During an investor conference, Peraton CEO Stu Shea explained the rationale behind its deals to combine with the Northrop Grumman IT business and Perspecta. Plus how the new, bigger Peraton plans to position itself in the market.
Peraton just tripled in size by joining forces with the former Northrop Grumman IT services business and is getting ready to double once Perspecta joins the fold later this year.
Or put another way -- the combined entity arising out of those deals will essentially be Peraton times seven compared to what the government technology company has been since it was acquired and rebranded by private equity firm Veritas Capital in 2017.
During a Cowen-hosted virtual conference for investors Thursday, Peraton CEO Stu Shea gave a first glimpse at what “New Peraton” will look like once the Perspecta transaction closes. Veritas is acquiring Perspecta and combining it with Peraton.
(For context: Cowen’s annual Aerospace/Defense & Industrials Conference typically takes place in New York City. A majority of presenting companies are publicly-traded. Public investors represent much of the audience.)
Herndon, Virginia-headquartered Peraton becomes a company with around $7 billion in pro forma annual revenue and 24,000 employees when its hree big pieces are joined, according to an accompanying slide deck. There is runway for some further growth with a $24.4 billion pro forma backlog and 1.6 book-to-bill ratio over the 12 months ended Sept. 30.
Peraton in early February unveiled its new structure with the Northrop IT shop in tow. The deal involving Perspecta is anticipated to close sometime during the first half of this year.
Where Peraton has seen itself since the carve-out from former parent Harris Corp. and with Veritas’ support provides the backstory for the Northrop acquisition and for the pending Perspecta deal.
“We were this small agile company and we chose to compete head-to-head with the biggest aerospace-and-defense firms” and mid-tier government services companies, Shea said.
“But we couldn’t compete at scale on the IT side with Leidos, GDIT (General Dynamics IT) and others,” he added. “We said we could either do it through essentially a Reverse Morris Trust acquisition where we buy somebody larger or we can incrementally grow over time. We always had aspiration of doing more, but we lived within our window of what we could accomplish.”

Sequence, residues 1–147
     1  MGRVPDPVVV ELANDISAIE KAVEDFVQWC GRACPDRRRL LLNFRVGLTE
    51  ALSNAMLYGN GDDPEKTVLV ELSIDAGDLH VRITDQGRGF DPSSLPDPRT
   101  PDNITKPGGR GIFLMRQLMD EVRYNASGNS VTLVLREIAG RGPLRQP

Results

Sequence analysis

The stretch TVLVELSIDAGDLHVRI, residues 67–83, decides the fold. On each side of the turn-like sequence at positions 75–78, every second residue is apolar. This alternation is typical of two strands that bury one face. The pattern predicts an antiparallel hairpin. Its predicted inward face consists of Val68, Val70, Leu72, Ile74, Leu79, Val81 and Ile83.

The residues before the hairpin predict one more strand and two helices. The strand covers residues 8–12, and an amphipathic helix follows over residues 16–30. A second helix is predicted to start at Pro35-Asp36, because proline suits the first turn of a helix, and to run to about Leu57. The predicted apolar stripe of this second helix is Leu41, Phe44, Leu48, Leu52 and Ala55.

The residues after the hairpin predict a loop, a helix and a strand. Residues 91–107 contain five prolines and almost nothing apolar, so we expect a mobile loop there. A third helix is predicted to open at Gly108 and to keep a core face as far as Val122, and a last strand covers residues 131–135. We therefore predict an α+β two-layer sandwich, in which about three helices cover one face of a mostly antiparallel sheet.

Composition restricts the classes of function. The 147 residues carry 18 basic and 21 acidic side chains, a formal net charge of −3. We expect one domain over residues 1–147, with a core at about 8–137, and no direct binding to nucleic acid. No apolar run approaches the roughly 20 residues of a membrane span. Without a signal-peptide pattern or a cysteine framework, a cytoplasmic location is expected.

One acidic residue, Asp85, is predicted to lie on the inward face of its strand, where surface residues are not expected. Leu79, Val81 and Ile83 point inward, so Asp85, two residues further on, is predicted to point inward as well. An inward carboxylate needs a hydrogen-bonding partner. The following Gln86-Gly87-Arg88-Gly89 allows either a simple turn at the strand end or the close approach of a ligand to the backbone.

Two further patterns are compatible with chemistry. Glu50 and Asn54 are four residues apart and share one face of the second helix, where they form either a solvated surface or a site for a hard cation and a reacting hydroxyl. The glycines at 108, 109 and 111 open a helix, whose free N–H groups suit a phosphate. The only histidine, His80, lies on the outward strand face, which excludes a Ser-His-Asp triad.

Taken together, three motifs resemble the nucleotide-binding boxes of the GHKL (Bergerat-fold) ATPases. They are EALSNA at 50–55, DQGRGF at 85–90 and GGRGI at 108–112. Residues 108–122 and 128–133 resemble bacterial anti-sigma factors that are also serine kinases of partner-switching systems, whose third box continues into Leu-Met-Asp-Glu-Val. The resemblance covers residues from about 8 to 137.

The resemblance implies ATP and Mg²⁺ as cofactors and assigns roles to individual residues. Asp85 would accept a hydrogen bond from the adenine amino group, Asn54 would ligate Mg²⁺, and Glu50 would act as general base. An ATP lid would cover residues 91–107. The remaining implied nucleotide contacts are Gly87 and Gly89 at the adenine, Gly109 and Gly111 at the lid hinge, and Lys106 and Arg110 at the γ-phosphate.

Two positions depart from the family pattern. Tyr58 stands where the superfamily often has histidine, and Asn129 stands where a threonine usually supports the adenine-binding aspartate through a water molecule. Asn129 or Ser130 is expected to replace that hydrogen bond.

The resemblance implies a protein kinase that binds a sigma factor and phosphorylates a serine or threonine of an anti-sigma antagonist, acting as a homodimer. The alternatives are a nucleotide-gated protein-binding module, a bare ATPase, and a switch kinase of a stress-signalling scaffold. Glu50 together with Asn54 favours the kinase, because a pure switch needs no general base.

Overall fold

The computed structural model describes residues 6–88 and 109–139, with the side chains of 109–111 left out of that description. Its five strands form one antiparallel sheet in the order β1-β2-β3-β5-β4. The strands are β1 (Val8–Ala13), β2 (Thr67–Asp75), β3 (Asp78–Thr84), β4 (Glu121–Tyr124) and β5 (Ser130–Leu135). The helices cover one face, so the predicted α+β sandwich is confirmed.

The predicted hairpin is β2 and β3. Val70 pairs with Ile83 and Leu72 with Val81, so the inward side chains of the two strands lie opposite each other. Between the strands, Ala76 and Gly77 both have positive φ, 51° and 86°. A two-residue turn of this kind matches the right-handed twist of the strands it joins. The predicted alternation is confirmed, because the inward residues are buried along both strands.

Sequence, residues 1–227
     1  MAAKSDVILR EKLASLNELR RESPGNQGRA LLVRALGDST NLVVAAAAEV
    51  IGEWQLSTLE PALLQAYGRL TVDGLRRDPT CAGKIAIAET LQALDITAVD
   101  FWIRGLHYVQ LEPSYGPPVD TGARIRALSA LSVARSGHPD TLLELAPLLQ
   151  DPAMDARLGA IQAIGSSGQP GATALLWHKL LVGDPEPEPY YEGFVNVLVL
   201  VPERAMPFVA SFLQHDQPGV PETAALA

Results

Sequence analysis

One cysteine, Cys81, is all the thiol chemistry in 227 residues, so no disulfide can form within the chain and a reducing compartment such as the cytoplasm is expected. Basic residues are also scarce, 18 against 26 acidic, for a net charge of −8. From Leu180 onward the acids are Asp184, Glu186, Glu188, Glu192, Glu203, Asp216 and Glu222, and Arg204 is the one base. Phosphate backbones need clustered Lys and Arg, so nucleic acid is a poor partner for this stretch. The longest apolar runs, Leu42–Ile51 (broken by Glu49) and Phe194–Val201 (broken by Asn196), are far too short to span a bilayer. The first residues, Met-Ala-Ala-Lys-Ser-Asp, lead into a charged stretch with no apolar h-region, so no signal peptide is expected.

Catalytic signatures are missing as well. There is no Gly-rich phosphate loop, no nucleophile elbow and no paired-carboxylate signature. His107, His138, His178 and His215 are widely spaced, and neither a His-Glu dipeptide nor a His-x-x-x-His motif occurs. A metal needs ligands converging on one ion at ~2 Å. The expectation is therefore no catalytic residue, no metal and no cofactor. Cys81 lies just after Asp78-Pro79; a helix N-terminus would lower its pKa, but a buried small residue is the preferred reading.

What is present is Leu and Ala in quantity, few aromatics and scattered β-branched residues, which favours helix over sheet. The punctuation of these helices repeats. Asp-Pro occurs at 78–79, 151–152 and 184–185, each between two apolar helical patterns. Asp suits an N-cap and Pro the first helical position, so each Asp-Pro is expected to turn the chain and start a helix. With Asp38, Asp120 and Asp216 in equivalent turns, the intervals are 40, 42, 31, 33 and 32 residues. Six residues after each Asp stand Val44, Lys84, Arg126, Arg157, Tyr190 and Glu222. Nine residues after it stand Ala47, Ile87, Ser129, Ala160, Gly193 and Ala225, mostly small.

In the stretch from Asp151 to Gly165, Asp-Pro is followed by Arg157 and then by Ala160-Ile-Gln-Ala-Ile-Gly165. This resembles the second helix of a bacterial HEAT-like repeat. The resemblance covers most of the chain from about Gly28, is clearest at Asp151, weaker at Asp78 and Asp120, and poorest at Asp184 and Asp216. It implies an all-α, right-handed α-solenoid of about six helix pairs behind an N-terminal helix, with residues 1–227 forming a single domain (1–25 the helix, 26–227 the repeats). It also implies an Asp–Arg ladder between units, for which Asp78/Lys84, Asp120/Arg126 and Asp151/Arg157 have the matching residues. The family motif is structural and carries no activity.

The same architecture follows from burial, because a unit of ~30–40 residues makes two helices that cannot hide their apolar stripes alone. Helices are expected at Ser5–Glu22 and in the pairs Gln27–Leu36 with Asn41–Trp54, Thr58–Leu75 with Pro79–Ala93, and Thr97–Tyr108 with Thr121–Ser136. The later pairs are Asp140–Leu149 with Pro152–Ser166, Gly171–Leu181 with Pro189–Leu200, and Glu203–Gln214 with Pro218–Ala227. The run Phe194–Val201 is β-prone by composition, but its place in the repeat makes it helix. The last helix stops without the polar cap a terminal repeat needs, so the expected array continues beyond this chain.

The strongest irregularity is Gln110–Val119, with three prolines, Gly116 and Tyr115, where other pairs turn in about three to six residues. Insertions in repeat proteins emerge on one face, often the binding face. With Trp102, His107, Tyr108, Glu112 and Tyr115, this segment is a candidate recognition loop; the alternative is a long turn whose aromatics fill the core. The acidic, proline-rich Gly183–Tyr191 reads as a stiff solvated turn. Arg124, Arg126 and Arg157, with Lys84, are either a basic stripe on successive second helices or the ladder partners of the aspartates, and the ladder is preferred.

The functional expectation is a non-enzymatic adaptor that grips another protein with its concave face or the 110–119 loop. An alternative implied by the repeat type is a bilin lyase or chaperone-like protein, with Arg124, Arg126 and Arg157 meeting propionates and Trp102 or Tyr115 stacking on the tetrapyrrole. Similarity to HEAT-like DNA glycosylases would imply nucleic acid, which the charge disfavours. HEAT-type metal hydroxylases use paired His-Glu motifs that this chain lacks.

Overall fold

The Northrop IT and mission support business is not just present in national security programs, but also with civilian and health agencies. Given the ongoing pandemic, Shea said Peraton views national security as “broadened to include all of those things.”
So where does Perspecta fit into those aspirations, especially considering that company has had its own three pieces to fit together since the forming three years ago?
“What they were doing was trying to pivot the business more towards that integration of mission capability and the large IT business,” Shea said.
Peraton plus Northrop IT plus Perspecta equals this, according to Shea. “The ability to be agile on real important high-end missions, it gave us great resiliency against the market dynamics, it gave us scale to compete in the enterprise IT markets, but that doesn’t mean we lose sight of the agile work that we do,” he said.
All three major credit agencies are giving credence to that point regarding size. Moody’s Investors Service, Standard & Poors and Fitch Ratings see the larger Peraton as having greater diversification and better able to compete for technology contracts that are growing in size.
But two of them also note what comes ahead for Peraton after it officially links up with Perspecta.
"A more complex integration project will follow, but this is counterbalanced by a very strong backlog position with good booking momentum, industry leading profit margins, and a lot of upside competitively speaking,” Moody’s lead government services analyst Bruce Herskovics wrote in an analysis released Feb. 9.
“The company is aiming to sharply increase in scale through two major, transformative acquisitions during a very short period of time, and will need to execute effectively in order to delever in line with (our) projections and maintain a competitive position within the industry,” Fitch Ratings said.
Shea acknowledged that Peraton has work to do on the integration front, which starts with bringing the Northrop IT business into a flatter and more services-focused organization versus a platform-oriented company.
Perspecta is obviously more similar to Peraton, which Shea said “is doing the same thing” in integration planning for that deal when it closes.
“It’s 20 percent of the total but it’s 100 percent of the leadership, so you can certainly get a lot of influence when you have the ability to control your own destiny,” he added.